“It’s a resort town full of millionaires…” the CBC television reporter began her story Tuesday on CUPE’s campaign for a cost-of-living allowance for Whistler’s 29 bylaw officers and sewage treatment plant workers.
Of course it is. No doubt through hours of research and untold amounts of shoe leather the CBC uncovered the story this week. Just look at the evidence: the average house price is $1.2 million. Not only that, the CBC reporter announced that affordability is going to become more of an issue as “…hundreds of construction workers start work on the venues for the 2010 Olympics.”
Who’d have guessed?
I guess I feel like, well… like Boo Boo. You know, Yogi Bear’s pal. Yogi Bear is smarter than a millionaire — which I guess everyone who lives here must be — but I still don’t understand how Yogi — or the CBC, or CUPE — is going to pry open that picnic basket that is a cost-of-living allowance.
CUPE representatives say it costs 30 per cent more to live in Whistler than the Lower Mainland, although how they arrived at that number is not clear. A $4,000 annual cost-of-living allowance for its employees is CUPE’s proposed solution. The municipality, rightly, counters that it has been and continues to work toward affordable housing for all Whistler employees, or at least all Whistler employees who want to live in Whistler. Housing is generally accepted as the largest single factor in Whistler being an expensive place to live. The municipality is also working on an affordability strategy.
Being the only non-millionaires in Whistler, CUPE workers are getting a lot of attention lately. Their cost-of-living demand was front-page news in the Globe and Mail on Monday. Tuesday, Globe and Mail cartoonist Anthony Jenkins drew the picture that most Canadians have somewhere in the back of their mind that is Whistler. Under a banner that said “Coffee break, Whistler, B.C.” two sanitation workers sat next to their garbage truck. The first complained that his coffee wasn’t a “double soy mocha frappuccino crème grande with sprinkles.” The second worker explained that it was a double-double because their cost-of-living bonus was only proposed.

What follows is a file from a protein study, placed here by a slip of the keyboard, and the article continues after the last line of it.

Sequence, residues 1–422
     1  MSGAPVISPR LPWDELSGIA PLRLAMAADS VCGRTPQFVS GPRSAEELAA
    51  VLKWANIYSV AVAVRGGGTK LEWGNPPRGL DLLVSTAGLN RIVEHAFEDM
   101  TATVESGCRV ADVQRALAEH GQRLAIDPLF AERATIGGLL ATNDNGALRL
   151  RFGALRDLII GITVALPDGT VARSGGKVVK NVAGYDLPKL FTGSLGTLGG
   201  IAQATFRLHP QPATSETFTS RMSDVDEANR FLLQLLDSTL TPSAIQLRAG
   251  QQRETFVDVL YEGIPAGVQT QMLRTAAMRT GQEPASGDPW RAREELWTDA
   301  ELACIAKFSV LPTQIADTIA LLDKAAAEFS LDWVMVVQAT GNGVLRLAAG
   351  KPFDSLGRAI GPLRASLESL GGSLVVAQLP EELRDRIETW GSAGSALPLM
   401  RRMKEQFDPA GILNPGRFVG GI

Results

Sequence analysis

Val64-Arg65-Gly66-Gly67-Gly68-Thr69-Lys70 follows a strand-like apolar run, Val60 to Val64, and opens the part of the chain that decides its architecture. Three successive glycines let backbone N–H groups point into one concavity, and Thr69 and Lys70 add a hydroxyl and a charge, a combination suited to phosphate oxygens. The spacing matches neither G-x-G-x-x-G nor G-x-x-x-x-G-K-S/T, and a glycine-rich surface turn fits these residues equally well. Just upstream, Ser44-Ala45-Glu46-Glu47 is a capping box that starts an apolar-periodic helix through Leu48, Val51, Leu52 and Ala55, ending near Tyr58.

In a single panel the cartoon captured the whole story: it’s not that the rest of the country is interested in whether 29 CUPE employees get a cost-of-living allowance, it’s news because it’s Whistler.
Perhaps it’s a lack of imagination, an unwillingness to recognize that there could be real issues in a place like Whistler, or maybe it’s a matter of dropping into town and finding stories to fit preconceived ideas, but one way or another Whistler has moved into Elvis territory — the gawdy, spectacular, bizarre failure that is a staple of media coverage. There’s the old lady who leaves her fortune to her 25 cats; aliens who kidnapped somebody’s child; the King dying on his throne from a drug overdose; and Whistler, where you are either a frivolous millionaire or one of 10 people sharing a converted sauna as a bedroom.
The story and the stereotype is going to be embellished in the years to come as the world discovers that the kids at Myrtle Philip school have sushi days rather than hot dog days; that most of the Whistler bears have names, thanks to Michael Allen’s work; dog obituaries are more common than human obituaries in the local papers; shops offer financing for bikes that cost more than many cars; and Loonie races are the best dinner deal in the world.
Actually, these stories fit with other “news” making headlines across Canada recently: Paul Martin being called Mr. Dithers; the attorney general suggesting women should be allowed to play for the Stanley Cup; Jean Chretien showing his balls to the Gomery inquiry; and Paris Hilton’s electronic black book with Canadian numbers in it.
CUPE 2010 workers are getting national media attention for their demands because they are in Whistler. Whistler’s long, at times painful efforts to address the situation CUPE is raising don’t fit the story many in the media want to tell. It won’t be the last time.